USC defensive end Frostee Rucker has a chance at Young and grazes his jersey but Young sees the USC corner has turned his back to cover Sweed and he runs for it.
The Texas quarterback scores running though the end zone and into a sea of photographers. Fifty thousand Texas fans inside the bowl hug people they hardly know and scream with all the voice they have left. Millions of television viewers realized in that split second when Young started his stride through the end zone why college football is the best of all our American games.
It would have never ended in storybook fashion had not junior defensive end Brian Robison split a double team on fourth and two from the Texas 44 yardline with 2:09 remaining. USC had a five-point lead and LenDale White was looking more like Marcus Allen on every snap.
What was incredible and courageous about Robison's unselfish play was that in the previous series of downs 280-pound USC tight end Dominique Byrd had thrown a clean, devastating knockout block on Robison as the runner cut back. The Longhorn DE lay stunned for 35 seconds by my watch while trainers tried to determine the extent of damage. Coach Mack Brown saw the block and followed the white-suited training staff on the field. This was one of his warriors, down and maybe done. Like the Longhorn football team itself, Robison stood up and climbed back into the ring.
When you never quit you have a chance and this Longhorn football team that stands evermore as the fourth national championship unit to wear Burnt Orange and White came through a list of heavyweights: Michigan (by winning last year's Rose Bowl. Texas got the confidence to win a championship), Ohio State in the road, Oklahoma and finally the USC Trojans with a 34-game winning streak, back-to-back national titles and playing in their own backyard.
Robison was under a mountain of scarlet and gold USC bodies and a pile of dirty, white-uniformed Texans forming a wall which stopped the Trojan tailback inches short of clinching USC's third consecutive national championship.
Take away tight end David Thomas' 10 catches which resulted in critical first downs and Texas doesn't win.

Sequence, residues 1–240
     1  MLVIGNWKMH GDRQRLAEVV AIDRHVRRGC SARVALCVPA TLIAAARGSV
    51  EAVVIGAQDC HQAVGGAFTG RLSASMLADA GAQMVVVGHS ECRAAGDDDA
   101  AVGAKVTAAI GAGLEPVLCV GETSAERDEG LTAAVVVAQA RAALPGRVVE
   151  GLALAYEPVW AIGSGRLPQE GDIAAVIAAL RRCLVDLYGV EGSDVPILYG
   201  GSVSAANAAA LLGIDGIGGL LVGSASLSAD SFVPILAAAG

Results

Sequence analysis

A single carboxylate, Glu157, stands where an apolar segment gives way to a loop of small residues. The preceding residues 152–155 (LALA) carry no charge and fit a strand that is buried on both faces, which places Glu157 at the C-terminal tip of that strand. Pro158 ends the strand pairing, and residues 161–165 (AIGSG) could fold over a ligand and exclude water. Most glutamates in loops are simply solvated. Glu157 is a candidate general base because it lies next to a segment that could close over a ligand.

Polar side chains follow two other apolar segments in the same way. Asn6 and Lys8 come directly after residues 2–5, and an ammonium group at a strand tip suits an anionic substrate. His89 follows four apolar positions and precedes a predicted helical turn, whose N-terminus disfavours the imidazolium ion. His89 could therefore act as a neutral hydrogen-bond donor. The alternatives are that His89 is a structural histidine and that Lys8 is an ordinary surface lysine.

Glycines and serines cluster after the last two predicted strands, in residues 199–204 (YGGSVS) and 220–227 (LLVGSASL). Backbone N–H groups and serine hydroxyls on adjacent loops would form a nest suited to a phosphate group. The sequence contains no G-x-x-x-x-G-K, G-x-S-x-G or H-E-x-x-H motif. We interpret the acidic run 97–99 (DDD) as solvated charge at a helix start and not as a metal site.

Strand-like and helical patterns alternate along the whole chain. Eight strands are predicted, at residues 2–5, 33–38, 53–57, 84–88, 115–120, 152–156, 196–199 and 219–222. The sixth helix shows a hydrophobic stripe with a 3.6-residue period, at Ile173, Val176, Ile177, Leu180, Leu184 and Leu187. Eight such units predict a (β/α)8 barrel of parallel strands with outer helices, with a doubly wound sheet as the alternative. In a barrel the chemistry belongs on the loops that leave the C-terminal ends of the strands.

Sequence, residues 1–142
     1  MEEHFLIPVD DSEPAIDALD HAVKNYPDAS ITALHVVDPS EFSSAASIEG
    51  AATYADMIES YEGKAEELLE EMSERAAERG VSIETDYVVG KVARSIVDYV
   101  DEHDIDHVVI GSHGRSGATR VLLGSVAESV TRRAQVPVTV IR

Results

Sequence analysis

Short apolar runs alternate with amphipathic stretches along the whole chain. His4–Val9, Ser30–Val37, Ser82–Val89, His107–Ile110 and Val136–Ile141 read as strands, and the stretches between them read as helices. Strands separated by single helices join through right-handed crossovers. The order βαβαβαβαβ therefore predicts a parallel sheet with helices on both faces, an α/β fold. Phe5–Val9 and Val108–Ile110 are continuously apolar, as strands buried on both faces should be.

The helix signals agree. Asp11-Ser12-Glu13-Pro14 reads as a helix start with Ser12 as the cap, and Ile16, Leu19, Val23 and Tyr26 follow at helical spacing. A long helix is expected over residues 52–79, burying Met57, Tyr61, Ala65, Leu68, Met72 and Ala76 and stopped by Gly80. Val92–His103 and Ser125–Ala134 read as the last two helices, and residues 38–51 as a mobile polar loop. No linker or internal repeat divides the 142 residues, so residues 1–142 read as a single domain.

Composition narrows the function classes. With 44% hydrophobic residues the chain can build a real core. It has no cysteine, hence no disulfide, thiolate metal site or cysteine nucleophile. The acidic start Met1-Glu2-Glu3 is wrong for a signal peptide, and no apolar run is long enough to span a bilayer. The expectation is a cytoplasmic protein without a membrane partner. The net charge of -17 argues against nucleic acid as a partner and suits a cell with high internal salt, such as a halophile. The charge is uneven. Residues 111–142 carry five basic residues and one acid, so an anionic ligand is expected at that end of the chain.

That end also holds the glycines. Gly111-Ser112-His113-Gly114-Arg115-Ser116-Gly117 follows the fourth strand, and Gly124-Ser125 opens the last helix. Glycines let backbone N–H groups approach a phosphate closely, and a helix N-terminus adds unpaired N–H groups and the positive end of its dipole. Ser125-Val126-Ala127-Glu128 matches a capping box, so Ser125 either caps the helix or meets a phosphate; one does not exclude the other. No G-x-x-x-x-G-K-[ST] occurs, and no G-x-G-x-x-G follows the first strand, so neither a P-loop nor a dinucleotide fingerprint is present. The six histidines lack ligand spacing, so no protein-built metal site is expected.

Take away Michael Griffin's brilliant leaping interception in the Texas end zone and the Trojans are victorious.
Take away Drew Kelson's step for step coverage of USC's Reggie Bush 26 yards downfield in the last minutes of the third quarter and Texas loses.
Take away Frank Okam's pressure up the middle on Trojan quarterback Matt Leinart and USC wins.
Since the Texas Tech game in 2005 there has been a magical relationship between Vince Young, the Texas fans and offensive coordinator Greg Davis and his understanding of turning Young loose in the big games. Since that clear night in Lubbock when Davis unleashed college football's most dynamic single football player on quarterback sweeps, options, draws and the zone read, the Longhorns have been on the long road to a national championship.
It was apparent Vince Young was ready to run every down if that's what it took. His energy and leadership was boundless.
Just before the second half got underway Young strided to the Texas end zone, which was covered around the bowl in Burnt Orange, getting the crowd to their feet. All of us responded and then he turned and got down on one knee perhaps praying to the God that brought him out of the streets of Houston, that gave him men like coach Ray Seals of Madison High School that showed him the right kind of "gang" to be a member of. The Orangebloods in the stands got quiet then exploded in noise as Vince sprung up from his meditation and sprinted back to begin the 30-minute war.
I have to say the 1969 Arkansas-Texas shootout, the Cotton Bowl win over Notre Dame and this magnificent Rose Bowl's last-second win over USC are the greatest of all Texas victories.
USC's receiver Dwayne Jarrett was the best player I saw all year against the Longhorns. He survived a brutal collision by Michael Griffin and Tarell Brown to score a brilliant catch and dive into the end zone. Brown suffered a broken arm on the play.
But Vince Young's 200 yards rushing and 267 yards passing without an interception is the most sensational individual performance I've ever seen by a Texas player against a great opponent.
After the game, by chance the group I traveled with ended up at the hotel that was hosting the Trojan "victory" party. As we ate our late snacks in the quiet of the restaurant there were tired smiles from all of us, because we knew just what the magnificent silence meant -- The Texas Longhorns were the 2005 football National Champions!
Pat Culpepper played for The University from 1960-62 and graduated from UT with a B.A. degree with honors in history. He coached college football for 12 years as an assistant at Texas, Colorado, Tulane, Baylor and Memphis State and was head coach at Northern Illinois from 1976-79. He also spent 16 years as a high school coach in Texas at Midland, Lufkin, Galveston Ball, Westfield and his hometown of Cleburne. He was selected to the Longhorn Hall of Honor in 1991. His commentary appears regularly in the Inside Texas magazine and at InsideTexas.com.